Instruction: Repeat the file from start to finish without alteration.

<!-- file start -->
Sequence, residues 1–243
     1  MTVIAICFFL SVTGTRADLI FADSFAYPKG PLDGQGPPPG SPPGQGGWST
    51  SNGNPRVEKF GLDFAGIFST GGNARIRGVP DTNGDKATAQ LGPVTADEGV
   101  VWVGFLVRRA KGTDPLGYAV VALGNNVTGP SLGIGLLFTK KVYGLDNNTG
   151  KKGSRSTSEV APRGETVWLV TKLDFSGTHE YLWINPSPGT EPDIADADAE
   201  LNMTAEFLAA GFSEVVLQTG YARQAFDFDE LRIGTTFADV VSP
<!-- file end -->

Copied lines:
Sequence, residues 1–243
     1  MTVIAICFFL SVTGTRADLI FADSFAYPKG PLDGQGPPPG SPPGQGGWST
    51  SNGNPRVEKF GLDFAGIFST GGNARIRGVP DTNGDKATAQ LGPVTADEGV
   101  VWVGFLVRRA KGTDPLGYAV VALGNNVTGP SLGIGLLFTK KVYGLDNNTG
   151  KKGSRSTSEV APRGETVWLV TKLDFSGTHE YLWINPSPGT EPDIADADAE
   201  LNMTAEFLAA GFSEVVLQTG YARQAFDFDE LRIGTTFADV VSP